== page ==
• Organic food as much as possible. I heard an anecdote about an organic produce salesman who made his point by holding up a tomato, spraying it with Raid, wiping it off and then asking “Would you buy this?”. The obvious answer is “no”, but the truth is we do it all the time. We like our produce colorful and blemish free, but that perfection comes with a toxic price tag. Ideally, I would never eat commercially grown produce again; however I am doing the best I can by growing as much as my garden will supply and choosing organic whenever I am able.

  • More natural cleaning, personal care and pest killing products. Most of what I used to use around the house has been replaced with baking soda, vinegar, alcohol, olive oil and boric acid. I still use Dawn dish soap, but dilute it heavily with water. I also cut my regular laundry detergent with Borax. Last year we had an intrusion of roaches and ants. Expensive bug killers seemed to have no effect. Then I bought an inexpensive container of boric acid powder, and within a few days of using it there were no roaches to be seen. The ants are a constant battle, but the boric acid has made a drastic improvement.

  • Cutting out most processed food and condiments. My rule of thumb in the kitchen is to ask myself “Can I make this myself from better ingredients?” or “Can I do without it?”. If I answer “Yes” to either question I try to eliminate the processed product with its chemicals, chance of contamination and heavy packaging from my shopping list.

  • Composting. This one is a work in progress. I envy the serious composters who really have a good composting system. Tomorrow promises to be a good day for my pathetic compost heap. I rescued a bag of leaves from a neighbor who raked today; and we should have enough leftover topsoil to give the heap a jump start. One of these days I also plan to pick up some free horse manure and add that in, too.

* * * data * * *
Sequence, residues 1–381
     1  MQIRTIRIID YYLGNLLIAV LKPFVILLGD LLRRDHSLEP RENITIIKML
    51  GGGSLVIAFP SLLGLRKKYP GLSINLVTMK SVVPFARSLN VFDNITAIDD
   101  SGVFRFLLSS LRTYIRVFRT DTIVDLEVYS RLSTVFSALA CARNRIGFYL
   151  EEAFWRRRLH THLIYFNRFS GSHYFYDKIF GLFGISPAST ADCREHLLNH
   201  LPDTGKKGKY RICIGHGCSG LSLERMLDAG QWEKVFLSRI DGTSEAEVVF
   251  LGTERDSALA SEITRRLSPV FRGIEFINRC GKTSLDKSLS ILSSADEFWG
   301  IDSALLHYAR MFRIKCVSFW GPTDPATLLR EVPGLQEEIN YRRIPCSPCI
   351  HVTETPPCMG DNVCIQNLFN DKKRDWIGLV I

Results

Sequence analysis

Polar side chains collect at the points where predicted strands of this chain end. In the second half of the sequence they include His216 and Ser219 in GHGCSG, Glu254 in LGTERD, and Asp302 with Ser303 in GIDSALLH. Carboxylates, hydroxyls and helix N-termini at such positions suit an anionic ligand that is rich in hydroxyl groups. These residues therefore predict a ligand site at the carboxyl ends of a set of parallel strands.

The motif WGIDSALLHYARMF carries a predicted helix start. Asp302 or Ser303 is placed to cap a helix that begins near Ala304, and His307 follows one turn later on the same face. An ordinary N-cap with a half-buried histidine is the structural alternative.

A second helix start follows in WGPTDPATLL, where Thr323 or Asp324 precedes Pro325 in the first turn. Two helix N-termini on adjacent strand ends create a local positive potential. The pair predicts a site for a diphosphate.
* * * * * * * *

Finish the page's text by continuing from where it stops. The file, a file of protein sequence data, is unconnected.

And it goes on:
• Barter and Free sharing. I belong to a group called freecycle.org. This is a great one for picking up all sorts of things you can use, as well as for passing along things you might otherwise send to the landfill. Today I joined a local community called Fruit Swap of Brevard. This looks like a promising opportunity to trade some of my surplus garden produce for things I am not able to grow here. And don’t forget craigslist.org. They have a barter and free sections where you can find all sorts of interesting things. I plan to look into a local bartering network to trade some things I have sitting around. But again, one thing at a time.

There are certainly more examples, such as how I can’t pass a dumpster or pile of discards without checking for interesting stuff, or how I do my damndest not to drink bottled water; but I think this is enough for one post. The best part about living lean is the challenge of finding creative solutions. I have always gotten a thrill out of getting something for free or making something from scratch. I challenge each of you to inventory your own life and see if there is something you can do to cut costs, waste and pollution. You might surprise yourself.

And P.S. If I start to stink, please let me know. I’ll do the same for you:)